Summary

Details of the water fluoridation argument (and safety of mercury in fillings, etc) aside, it is apparent that the current ADA website does not respect a number of the HONcode principles – to an obvious and significant extent – and I imagine this to have been the case for a number of years, if not from the original review in January 2004. This example does not instill confidence in the credibility of the Health On the Net Foundation seal used for medical and health websites. I seek your explanation as to how a site reviewed numerous times with such glaring inconsistencies could be certified. I have not particularly listed examples of the inconsistencies since they appear on almost every page of the ADA website – if you cannot see them, I hold little hope for the HONcode’s reputation at all.

This complaint will be published online for public review and comment (at least at https://bradfieldresident.wordpress.com), and I intend to publish your response.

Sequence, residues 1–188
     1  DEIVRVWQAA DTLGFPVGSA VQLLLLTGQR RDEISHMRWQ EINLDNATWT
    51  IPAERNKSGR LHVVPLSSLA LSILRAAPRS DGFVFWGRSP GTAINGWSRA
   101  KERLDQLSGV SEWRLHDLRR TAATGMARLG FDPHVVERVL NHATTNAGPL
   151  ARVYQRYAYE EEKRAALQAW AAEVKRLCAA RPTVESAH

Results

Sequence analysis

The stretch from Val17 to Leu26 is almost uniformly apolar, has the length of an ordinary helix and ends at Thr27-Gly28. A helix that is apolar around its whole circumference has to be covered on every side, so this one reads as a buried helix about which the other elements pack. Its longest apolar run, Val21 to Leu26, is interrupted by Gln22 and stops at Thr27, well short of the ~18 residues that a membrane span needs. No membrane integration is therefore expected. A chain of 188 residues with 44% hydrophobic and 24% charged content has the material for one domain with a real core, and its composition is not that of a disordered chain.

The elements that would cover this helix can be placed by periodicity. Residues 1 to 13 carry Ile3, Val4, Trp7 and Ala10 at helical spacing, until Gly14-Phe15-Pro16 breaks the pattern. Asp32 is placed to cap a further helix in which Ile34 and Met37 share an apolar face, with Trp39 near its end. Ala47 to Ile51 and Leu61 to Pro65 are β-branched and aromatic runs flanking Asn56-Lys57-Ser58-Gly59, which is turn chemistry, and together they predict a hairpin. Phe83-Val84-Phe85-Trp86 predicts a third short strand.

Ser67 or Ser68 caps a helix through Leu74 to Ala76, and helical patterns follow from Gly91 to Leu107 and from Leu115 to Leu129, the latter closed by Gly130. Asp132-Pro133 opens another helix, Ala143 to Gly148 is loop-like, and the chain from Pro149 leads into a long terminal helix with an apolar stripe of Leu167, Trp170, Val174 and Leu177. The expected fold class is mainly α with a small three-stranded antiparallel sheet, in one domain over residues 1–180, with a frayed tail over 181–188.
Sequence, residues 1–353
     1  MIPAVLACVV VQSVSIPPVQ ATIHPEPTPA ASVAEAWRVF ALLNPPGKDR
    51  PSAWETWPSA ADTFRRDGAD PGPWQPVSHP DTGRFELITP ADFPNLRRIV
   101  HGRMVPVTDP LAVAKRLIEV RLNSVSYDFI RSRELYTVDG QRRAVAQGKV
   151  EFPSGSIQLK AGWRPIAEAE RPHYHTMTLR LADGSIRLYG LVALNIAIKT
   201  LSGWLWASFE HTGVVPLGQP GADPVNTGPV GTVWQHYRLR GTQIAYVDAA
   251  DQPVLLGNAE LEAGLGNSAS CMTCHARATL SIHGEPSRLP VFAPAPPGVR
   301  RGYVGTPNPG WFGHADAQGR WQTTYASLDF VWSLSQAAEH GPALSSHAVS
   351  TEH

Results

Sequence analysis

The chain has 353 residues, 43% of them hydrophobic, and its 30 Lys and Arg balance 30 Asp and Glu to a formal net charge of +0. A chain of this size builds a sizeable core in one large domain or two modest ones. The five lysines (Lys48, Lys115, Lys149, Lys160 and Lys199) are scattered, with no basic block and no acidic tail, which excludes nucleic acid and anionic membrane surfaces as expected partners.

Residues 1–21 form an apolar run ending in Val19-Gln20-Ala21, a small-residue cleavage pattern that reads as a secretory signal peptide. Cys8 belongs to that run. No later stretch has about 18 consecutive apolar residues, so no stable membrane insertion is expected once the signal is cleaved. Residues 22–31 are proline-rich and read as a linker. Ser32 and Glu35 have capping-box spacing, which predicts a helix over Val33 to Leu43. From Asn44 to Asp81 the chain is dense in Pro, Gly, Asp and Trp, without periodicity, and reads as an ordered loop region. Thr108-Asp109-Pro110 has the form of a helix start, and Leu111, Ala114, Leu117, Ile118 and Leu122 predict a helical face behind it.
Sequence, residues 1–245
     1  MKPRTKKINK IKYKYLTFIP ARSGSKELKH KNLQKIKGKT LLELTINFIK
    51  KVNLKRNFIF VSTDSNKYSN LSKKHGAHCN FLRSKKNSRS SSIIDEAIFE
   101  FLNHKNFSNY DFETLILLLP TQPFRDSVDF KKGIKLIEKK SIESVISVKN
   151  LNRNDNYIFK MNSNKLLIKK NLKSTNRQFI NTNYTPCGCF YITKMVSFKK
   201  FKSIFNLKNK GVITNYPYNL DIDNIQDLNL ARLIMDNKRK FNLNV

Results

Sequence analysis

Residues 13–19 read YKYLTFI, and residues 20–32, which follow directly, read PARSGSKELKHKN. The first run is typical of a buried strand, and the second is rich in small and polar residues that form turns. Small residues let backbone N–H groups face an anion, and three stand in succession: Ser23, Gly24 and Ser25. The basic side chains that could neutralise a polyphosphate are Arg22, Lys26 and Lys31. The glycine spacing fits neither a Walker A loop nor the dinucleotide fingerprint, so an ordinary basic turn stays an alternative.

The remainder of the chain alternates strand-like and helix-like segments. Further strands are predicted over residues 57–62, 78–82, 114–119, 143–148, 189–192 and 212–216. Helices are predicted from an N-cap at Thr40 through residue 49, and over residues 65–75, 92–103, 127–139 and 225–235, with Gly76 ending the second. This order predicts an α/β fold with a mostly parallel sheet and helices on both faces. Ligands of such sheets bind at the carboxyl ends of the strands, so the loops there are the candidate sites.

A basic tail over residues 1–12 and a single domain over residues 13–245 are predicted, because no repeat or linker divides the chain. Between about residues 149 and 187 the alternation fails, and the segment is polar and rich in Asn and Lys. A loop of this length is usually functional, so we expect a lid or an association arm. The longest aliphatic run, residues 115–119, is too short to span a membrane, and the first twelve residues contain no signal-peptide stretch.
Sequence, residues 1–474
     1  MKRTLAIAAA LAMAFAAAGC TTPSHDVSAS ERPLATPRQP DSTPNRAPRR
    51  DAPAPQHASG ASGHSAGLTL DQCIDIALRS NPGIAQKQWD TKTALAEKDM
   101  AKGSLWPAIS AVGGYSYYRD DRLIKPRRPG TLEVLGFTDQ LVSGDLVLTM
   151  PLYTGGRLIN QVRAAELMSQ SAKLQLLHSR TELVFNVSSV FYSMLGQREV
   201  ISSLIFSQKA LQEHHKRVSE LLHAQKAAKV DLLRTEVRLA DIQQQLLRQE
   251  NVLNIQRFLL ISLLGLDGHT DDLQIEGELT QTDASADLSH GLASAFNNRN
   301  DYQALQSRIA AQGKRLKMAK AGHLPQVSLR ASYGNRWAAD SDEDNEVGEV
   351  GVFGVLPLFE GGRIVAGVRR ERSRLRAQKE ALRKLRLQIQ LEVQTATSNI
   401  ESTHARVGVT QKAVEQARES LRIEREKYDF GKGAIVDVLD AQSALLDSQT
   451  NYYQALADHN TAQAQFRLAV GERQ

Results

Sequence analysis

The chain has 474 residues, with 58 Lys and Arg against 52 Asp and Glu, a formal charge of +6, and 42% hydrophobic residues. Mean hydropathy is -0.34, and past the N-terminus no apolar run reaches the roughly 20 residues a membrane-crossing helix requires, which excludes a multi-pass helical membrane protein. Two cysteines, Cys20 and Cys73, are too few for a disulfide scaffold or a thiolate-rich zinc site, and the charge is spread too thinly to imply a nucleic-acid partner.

Bradfield Resident
Sydney, Australia

Tuesday 25 August 2009


Bradfield Resident
bradfieldresident@gmail.com
https://bradfieldresident.wordpress.com

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3 Responses to “Tue 25 Aug 09 | To: Health On the Net Foundation | HONcode principles and the Australian Dental Association”

  1. […] ago. I sent an email to honcodecomplaint@healthonnet.org on Tuesday 25 August — see a copy at https://bradfieldresident.wordpress.com/2009/08/25/to-health-on-the-net-foundation-honcode-principles… — and subsequently used your online compliance violation form on Friday 28 August (the […]

  2. […] when we find out there might be some problems and concerns around this highly-respected system.The Bradfield Resident blog published an interesting entry: …from a review the HONcode guidelines on the Health On the Net Foundation website, it […]

  3. […] when we find out there might be some problems and concerns around this highly-respected system.The Bradfield Resident blog published an interesting entry: …from a review the HONcode guidelines on the Health On the Net Foundation website, it appears […]